Move Over, Ham: Chefs Make Room for Roasted Goose

By Janet Rausa Fuller on December 18, 2012 7:18am | Updated on December 18, 2012 11:33am

 Chef DIdier Durand of Cyrano's Farm Kitchen, 546 N. Wells St., is offering whole roasted goose for pickup on Christmas Day.
Chef DIdier Durand of Cyrano's Farm Kitchen, 546 N. Wells St., is offering whole roasted goose for pickup on Christmas Day.
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DNAInfo/Janet Rausa Fuller

CHICAGO — Roasted goose, with all its medieval European grandeur, usually takes a back seat to ham and other proteins at the holiday table.

But some Chicago chefs are giving the fatty fowl a go this year, hoping to win over an audience that admittedly isn't quite there yet.

Didier Durand of Cyrano's Farm Kitchen in River North has long put goose on his Christmas Eve menu, but this year is offering it for pickup on Christmas Day — stuffed with fennel and chestnuts, roasted and ready to eat. He has 10 orders so far.

"I think people think it's too greasy," Durand said. "I brine mine, and I cook it for three hours, so it's nice and soft and juicy."

Durand's goose-to-go serves 10 and costs $125. You also can have it as part of a four-course takeout menu for $39 a person.

Pecking Order in Ravenswood, which specializes in Filipino-style chicken, also will have goose on its Christmas Day takeout menu. An 8- to 12-pounder costs $95 a la carte, and also is part of three multicourse to-go menus.

Chef Kristine Subido plans to brine the goose, then slather Sichuan peppercorn-infused butter between the skin and flesh before cooking it slowly on the rotisserie.

"It's kind of like eating barbecued duck from a Chinese restaurant," she said.

Roast goose has a strong flavor, gamier than duck, which might turn off some diners. Its generous layer of fat can be a culinary challenge (though, when cooked properly so the fat renders off, you're rewarded with crispy skin and succulent meat). And because of its limited availability, it can be a hard sell even for chefs.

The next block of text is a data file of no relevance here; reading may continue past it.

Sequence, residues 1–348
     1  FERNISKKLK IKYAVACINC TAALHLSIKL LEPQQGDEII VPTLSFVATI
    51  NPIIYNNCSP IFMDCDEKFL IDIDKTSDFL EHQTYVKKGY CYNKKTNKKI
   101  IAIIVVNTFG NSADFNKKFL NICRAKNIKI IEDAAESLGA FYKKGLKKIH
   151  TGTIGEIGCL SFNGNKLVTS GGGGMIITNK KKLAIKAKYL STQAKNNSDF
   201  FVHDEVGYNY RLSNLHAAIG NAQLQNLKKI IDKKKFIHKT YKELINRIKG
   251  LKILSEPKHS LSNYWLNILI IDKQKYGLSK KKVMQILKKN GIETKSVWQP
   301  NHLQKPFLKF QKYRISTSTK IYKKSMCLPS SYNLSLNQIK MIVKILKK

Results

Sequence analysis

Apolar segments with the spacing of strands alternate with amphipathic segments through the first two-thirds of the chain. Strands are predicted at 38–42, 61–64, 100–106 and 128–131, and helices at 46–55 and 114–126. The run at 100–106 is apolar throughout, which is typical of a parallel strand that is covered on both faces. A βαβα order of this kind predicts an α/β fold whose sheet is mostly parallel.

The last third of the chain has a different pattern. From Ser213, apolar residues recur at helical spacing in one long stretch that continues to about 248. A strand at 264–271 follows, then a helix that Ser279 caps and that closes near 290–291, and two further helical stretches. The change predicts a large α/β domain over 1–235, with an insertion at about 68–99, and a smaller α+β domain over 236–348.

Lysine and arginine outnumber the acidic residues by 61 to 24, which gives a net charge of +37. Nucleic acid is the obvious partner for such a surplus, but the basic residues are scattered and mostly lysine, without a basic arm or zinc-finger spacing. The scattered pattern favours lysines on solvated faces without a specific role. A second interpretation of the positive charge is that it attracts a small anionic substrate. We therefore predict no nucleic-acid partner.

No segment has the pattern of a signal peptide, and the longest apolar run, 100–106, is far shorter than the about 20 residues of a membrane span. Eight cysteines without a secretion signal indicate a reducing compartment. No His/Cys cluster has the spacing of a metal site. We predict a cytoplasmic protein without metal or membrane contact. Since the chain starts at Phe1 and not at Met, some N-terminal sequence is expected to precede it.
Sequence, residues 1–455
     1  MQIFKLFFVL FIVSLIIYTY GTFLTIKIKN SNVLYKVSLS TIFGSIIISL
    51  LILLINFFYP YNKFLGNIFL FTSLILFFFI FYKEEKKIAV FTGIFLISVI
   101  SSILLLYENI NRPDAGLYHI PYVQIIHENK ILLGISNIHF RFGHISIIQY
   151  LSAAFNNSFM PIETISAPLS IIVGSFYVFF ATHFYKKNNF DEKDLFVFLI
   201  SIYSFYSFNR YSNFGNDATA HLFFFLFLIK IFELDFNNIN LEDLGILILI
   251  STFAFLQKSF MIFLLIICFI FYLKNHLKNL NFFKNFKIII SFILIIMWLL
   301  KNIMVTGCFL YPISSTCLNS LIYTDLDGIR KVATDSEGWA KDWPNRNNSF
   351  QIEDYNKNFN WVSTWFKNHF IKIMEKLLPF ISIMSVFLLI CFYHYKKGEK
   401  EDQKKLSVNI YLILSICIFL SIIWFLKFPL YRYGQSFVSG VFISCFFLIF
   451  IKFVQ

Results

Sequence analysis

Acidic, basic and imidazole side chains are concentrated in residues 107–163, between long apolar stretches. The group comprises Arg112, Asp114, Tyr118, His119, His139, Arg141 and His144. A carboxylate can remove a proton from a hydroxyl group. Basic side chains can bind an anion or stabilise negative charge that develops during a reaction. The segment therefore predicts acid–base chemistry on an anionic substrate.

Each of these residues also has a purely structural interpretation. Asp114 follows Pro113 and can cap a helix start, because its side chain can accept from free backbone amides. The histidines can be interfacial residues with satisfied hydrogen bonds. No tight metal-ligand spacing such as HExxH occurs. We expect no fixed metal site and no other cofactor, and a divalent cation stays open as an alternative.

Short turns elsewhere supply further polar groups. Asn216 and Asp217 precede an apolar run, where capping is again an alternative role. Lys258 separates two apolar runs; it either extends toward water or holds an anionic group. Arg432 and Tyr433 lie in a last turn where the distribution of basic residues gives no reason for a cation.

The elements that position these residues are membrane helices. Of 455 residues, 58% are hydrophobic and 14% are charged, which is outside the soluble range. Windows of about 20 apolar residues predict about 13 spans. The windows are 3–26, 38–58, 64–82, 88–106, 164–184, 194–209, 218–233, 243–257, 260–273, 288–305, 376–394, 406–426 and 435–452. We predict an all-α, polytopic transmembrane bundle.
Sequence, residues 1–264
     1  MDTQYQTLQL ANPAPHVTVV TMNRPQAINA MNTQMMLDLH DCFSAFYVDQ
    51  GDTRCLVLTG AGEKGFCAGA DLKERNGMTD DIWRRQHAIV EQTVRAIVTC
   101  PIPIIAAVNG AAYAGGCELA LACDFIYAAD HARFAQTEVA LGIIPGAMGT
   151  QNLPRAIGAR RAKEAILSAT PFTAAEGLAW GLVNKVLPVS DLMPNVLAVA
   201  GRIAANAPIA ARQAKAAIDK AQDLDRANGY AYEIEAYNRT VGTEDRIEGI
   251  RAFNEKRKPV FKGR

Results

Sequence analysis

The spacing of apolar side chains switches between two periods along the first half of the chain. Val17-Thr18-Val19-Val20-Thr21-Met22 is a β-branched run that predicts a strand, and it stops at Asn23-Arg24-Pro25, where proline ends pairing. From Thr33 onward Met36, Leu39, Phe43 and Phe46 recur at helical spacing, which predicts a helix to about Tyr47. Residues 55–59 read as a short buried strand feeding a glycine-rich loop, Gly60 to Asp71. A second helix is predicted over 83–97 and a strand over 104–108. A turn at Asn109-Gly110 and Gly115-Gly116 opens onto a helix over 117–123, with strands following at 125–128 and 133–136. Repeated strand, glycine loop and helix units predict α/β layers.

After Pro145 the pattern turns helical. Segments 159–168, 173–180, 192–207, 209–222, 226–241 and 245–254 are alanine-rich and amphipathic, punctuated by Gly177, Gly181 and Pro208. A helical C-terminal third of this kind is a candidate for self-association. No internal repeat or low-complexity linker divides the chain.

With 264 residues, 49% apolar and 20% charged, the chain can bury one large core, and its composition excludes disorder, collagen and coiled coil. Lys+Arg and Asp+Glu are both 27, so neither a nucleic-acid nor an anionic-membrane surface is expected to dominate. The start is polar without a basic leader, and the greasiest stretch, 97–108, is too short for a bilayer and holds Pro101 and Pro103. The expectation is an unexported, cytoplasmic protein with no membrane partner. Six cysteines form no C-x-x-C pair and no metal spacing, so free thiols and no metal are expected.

Thomas Lents, the chef at Sixteen in the Trump Hotel, wanted to serve goose this year but couldn't find birds that met his Michelin-star standards.

"Geese are only really produced for the winter season, and I find that you get an overgrown and tough bird usually. It's difficult to get a fresh product," Lents said.

If and when you can find fresh geese, they're not necessarily local. Durand's are coming from South Dakota, Subido's from California.

It took a good deal of searching before Chuck Kazmer, executive sous chef at the Ritz-Carlton, settled on an Iowa farm that raises free-range geese, free of hormones and other unsavory stuff. On the hotel's Christmas Day brunch buffet, the goose will be served with onion-rosemary jus and braised red cabbage, a nod to Kazmer's German heritage.

"We'll serve it whole in all its glory, with someone carving the breast and leg," Kazmer said. "Half of it is the experience. The other half is all the goose fat you can use later."

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